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You can get there from here on two wheels

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Winnipeg’s growing network of cycling trails, like this one in King’s Park, means you can just about anywhere on your bike — even from Whyte Ridge.

PHOTO BY BORIS MINKIEVICH/WINNIPEG FREE PRESS ARCHIVES Enlarge Image

Winnipeg’s growing network of cycling trails, like this one in King’s Park, means you can just about anywhere on your bike — even from Whyte Ridge. Photo Store Photo Store

Early mornings often find me astride an unyielding bicycle seat, despite the manufacturer’s claim to its ergonomic benefits.  Discomfort aside, I climb on my bike and hold a wet finger to the wind to determine the path of least resistance. I’m spoiled for choice.

In the southwest corner of Winnipeg, Whyte Ridge might seem isolated and without connection to the kilometres of bicycle trails that now wend through our city. That’s not the case. You can cycle in most directions with minimal road-sharing.

A favourite route of mine is out my back door and across McGillivray Boulevard through the back gate of FortWhyte Alive.  Traffic noise becomes dulled, giving way to the dawn chorus of birdsong. Mindful of the early-morning birdwatchers who dot the limestone trails, I ride north, dipping and curving through boreal forest and out onto open grassland. On any given day, sightings of deer, rabbits, woodchucks, bison and endless birds and waterfowl are common.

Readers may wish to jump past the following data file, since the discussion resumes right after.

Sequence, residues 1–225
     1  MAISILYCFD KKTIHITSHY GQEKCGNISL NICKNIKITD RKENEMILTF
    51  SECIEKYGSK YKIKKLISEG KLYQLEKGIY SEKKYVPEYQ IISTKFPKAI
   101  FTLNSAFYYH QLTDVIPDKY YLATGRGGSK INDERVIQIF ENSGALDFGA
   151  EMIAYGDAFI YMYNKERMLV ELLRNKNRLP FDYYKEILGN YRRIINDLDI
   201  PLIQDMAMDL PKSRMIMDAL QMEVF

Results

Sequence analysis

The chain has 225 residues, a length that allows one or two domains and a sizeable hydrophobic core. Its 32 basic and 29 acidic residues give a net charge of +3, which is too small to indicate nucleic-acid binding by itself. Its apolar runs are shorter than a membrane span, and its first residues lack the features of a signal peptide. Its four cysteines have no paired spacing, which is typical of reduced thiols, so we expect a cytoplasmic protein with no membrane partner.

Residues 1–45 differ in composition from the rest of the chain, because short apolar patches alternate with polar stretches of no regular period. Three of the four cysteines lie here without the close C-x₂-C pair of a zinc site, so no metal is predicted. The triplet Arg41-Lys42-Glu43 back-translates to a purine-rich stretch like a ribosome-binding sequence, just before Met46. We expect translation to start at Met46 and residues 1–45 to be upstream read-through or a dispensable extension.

At Sterling Lyon Parkway the FortWhyte Alive trail — which is a part of the TransCanada Trail — connects to Thundering Bison Trail running west and east.

West leads to Shaftesbury Boulevard and onto the Harte or Preston trails. The Harte Trail, a converted rail bed through a mixed-growth woodland, heads to the west Perimeter
Highway, stopping short of the harried highway traffic.

The Preston Trail leads north through Canada’s largest urban forest and into Assiniboine Park with its own set of trails.

The options from here are too numerous for this column but can be found on the Cycle Winnipeg Trail Map found at bikewinnipeg.org

If the breezes blow from the north, I head south out of Whyte Ridge along Kenaston Boulevard on the newer paved/limestone trail heading toward Bishop Grandin Boulevard. A temporary detour around the Kenaston interchange is a bit of a nuisance but picking the trail back up at Waverley Street and Bishop Grandin allows me to ride paved pathways eastward to Lagimodiere Boulevard and beyond. Or I can veer off into St. Vital Park; or along the shaded river curves of River Road into Victoria Crescent.
 
Today I’m taking advantage of the summertime-Sunday Wellington Crescent closure to motorized traffic.

I’ll gladly share the road with runners, dog-walkers and babies in prams.

Most river-hugging routes in Winnipeg are similarly designated on Sundays and holiday Mondays.

En route, there’s a bakery with amazing croissants. I think I’ll have earned one.

Pat Kelly is a community correspondent for Whyte Ridge.

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